“Don’t you confess. The priest will teach you bad things,” he said. Then putting a white shawl over his head and shoulders, he called to Josephine. “Come here, Josephine, and I’ll confess you.”
But Margarita Furnio, Giuseppe’s sister, was not satisfied and took her future sister-in-law to the local parish priest. Gaetano followed at a distance, Margarita testified later. She told how the priest, after taking Josephine’s confession, refused to give the girl Communion.
“He said that he would not give her the Communion,” Margarita said. “Because she had no religion and did not know who God was.”
However, somehow Josephine received her church wedding; she remained in the Riggio home until that day. On the night before her wedding, Gaetano raped her one last time.
The marriage was unhappy from the start, but not because Giuseppe and Josephine were incompatible. Soon after Josephine moved into the home Giuseppe prepared for them, Gaetano began dropping hints that there was something amiss with Josephine’s purity.
“I was very happy,” she said during her testimony. “He loved me and I loved him. Then in three weeks we went to pay our visit to my uncle and aunt. My uncle looked at me and said to my husband: ‘This girl is not virtuous. She was born on Good Friday and she cannot be a good girl. You will not live with this girl more than one more week. When you get home you remind her of what I have said and make her explain.'”
It was when the newlyweds returned home that Giuseppe demanded to know what Gaetano meant and Josephine told him everything. For ten days after Giuseppe stormed from the home Josephine did not eat and rarely slept, her sister-in-law testified.
Her despair, combined with the lack of nourishment, caused her to begin to hear voices urging her to kill her aunt and uncle, Josephine told jurors. She said the voices assured her that once they were dead her “disgrace” would be cleansed from her.
“Josephine, tomorrow you must go,” she said the voice told her.
She told the court that she doubted whether it was the voice of God, and to make sure she made the Sign of the Cross and asked: “Is that God’s voice?”
The answer came: “You must go. It is God’s voice.”
She purchased a pistol and a stiletto and went back to house in the Bronx.
“Good evening. How are you?” Gaetano said when she appeared in his store. “Come upstairs with me. I know why you come.”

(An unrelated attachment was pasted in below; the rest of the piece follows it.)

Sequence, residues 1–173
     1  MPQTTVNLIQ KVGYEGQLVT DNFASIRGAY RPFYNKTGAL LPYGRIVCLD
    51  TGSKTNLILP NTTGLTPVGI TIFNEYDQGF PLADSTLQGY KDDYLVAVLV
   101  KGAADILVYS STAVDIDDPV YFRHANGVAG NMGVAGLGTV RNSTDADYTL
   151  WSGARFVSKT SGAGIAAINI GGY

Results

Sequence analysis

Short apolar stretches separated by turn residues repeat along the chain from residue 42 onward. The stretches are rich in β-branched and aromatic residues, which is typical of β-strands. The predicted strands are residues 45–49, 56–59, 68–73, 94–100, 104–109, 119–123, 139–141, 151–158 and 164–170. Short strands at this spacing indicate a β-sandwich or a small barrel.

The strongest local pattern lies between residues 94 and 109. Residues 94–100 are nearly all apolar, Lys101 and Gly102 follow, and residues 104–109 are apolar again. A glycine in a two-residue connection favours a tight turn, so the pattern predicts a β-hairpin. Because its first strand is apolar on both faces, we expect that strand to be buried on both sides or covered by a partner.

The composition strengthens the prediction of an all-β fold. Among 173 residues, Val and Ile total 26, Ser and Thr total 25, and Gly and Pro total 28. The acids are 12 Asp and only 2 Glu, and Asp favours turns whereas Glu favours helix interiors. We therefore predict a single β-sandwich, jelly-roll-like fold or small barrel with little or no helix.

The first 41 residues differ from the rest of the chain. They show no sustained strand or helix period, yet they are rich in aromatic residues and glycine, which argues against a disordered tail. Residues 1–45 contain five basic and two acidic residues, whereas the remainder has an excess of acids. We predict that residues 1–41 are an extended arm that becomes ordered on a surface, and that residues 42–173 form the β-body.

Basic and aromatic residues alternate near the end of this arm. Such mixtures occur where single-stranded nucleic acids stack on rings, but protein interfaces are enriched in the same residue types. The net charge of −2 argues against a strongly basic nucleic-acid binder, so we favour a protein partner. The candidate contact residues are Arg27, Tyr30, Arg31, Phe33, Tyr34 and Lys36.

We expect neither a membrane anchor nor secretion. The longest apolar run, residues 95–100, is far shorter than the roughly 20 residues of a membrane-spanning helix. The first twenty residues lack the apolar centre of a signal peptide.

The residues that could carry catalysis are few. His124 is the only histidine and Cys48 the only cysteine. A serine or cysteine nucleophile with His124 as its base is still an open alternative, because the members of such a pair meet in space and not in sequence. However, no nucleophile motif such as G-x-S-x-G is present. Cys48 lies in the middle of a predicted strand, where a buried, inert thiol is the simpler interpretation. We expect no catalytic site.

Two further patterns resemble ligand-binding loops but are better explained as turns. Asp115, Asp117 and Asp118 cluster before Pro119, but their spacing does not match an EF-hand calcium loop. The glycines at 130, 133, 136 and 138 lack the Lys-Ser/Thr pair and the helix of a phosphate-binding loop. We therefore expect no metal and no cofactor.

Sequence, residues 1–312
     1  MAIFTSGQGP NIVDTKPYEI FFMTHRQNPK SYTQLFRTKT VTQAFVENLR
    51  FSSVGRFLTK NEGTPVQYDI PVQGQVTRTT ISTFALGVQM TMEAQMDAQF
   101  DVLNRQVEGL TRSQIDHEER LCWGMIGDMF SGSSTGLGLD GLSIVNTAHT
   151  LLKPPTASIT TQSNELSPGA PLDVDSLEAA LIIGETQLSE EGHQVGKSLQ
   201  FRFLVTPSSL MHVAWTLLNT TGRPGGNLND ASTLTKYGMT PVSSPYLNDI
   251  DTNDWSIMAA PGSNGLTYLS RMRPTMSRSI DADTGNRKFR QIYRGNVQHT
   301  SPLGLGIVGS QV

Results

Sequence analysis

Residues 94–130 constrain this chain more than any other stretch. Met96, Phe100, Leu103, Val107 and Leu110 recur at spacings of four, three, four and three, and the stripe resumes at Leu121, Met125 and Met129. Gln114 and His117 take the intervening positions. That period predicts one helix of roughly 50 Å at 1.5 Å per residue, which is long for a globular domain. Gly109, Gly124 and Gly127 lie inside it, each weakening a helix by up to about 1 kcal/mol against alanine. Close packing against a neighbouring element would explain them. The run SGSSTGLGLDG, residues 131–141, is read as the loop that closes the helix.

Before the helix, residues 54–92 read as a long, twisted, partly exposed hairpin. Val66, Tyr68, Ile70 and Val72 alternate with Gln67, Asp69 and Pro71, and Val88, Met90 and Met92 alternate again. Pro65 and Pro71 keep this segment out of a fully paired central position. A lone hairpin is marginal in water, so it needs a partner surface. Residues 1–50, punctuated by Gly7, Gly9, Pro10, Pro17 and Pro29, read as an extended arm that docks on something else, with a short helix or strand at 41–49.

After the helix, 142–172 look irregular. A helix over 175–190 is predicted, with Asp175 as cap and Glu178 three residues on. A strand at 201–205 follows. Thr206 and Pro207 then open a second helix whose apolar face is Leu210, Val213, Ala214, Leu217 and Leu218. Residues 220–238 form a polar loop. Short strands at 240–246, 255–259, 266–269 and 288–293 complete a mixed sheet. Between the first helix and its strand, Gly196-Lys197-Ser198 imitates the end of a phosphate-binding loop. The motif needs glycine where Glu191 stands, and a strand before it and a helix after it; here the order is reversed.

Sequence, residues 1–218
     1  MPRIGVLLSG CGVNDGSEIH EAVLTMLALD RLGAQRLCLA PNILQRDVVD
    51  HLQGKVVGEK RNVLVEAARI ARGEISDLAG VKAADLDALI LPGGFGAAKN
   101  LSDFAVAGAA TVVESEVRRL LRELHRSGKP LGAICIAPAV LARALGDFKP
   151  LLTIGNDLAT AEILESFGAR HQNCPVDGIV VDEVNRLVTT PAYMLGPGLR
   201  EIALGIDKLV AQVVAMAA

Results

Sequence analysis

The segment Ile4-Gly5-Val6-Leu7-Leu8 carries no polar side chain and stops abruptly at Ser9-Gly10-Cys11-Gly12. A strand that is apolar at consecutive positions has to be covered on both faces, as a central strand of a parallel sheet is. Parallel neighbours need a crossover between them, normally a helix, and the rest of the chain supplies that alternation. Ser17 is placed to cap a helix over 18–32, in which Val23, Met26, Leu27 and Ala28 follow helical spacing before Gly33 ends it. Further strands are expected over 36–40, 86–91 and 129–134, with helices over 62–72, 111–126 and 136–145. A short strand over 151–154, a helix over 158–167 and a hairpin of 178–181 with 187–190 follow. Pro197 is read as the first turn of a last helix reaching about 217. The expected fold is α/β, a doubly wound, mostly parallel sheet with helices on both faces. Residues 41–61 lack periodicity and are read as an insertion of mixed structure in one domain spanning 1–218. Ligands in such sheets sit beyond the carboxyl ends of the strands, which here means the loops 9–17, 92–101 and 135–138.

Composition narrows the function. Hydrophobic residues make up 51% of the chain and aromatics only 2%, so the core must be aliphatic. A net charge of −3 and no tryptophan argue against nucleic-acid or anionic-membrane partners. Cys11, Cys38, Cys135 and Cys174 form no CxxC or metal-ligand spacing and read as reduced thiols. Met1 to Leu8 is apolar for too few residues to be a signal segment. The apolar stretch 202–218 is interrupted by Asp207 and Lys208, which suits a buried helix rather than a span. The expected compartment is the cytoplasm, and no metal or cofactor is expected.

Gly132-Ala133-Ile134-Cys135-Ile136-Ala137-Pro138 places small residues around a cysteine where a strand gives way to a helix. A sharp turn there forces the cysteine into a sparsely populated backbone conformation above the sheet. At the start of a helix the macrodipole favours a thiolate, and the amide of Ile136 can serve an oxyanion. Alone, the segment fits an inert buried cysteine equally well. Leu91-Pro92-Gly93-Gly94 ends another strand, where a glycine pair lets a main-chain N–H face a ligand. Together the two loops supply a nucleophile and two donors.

The rapist and victim climbed the stairs to where the Riggios had their apartment above the bakery.
Dominic Ciccio, an employee at the Riggio bakery, takes up the tale:
I heard cries of “Help!” I ran upstairs and went into the room. Josephine was crouching. She had a pistol in her hands. She was pointing it at her aunt. Riggio, the uncle, stood over her, and was holding the arm which held the pistol and was trying to drag her away. The pistol went off twice. Josephine must have fired it because she held it.
I closed in quick and got the pistol. Then Josephine ran out of the room. I held the boss up. He was hurt and there was blood on his clothes. He staggered and said, ‘I am dying.’ A baker came in and he held up the boss’s wife. I did not see any blood on her but she was hurt.
“Husband and wife fell to the floor. Josephine Terranova threw the knife between them, gathered her shawl about her shoulders and left the house,” the Times told readers. “The household knew in a moment what had happened, and every Italian felt that the Sicilian had taken what was hers. Not a hand was raised to stop her; not a man followed her.”
Gaetano and Conchetta were rushed to Fordham Hospital where doctors hoped to be able to save the life of Conchetta, but were sure Gaetano’s cause was hopeless. He was stabbed twice in the stomach, while she was stabbed through the back, slicing her kidney. The gunshots were wide of the mark.
Meanwhile, New York’s finest were out searching for Josephine. She was not at her home, and Giuseppe’s relatives had already disowned her. Ever the caring husband, Giuseppe led police to believe she had committed suicide.
Two days after the murder detectives learned that Josephine had relatives in Brooklyn and began a stakeout of their home. She was arrested there. Gaetano, suffering miserably with a gut wound, died two hours before the arrest, and Conchetta followed the morning after.
“I am glad I did it,” Josephine said. “I do not believe that God or the law will hold me to blame for what I have done.”
Josephine was right — at least about the law: A jury made up mostly of men with daughters and sisters acquitted her of Conchetta’s murder after a brief trial. The prosecution announced that it would not bother to try her for killing her uncle.
Two days after her acquittal for her godmother’s murder, Josephine was served with divorce papers by Giuseppe. The petition listed “fraud” as the reason for the divorce. It was granted, and Josephine Terranova — her 15 minutes of infamy over — became just another name in the dusty newspaper morgues of New York City.
One Boston newspaper reported that she entered a convent, but this cannot be confirmed. Regardless, while she escaped the gallows where Tess died, unlike Cinderella, she most likely did not live happily ever after.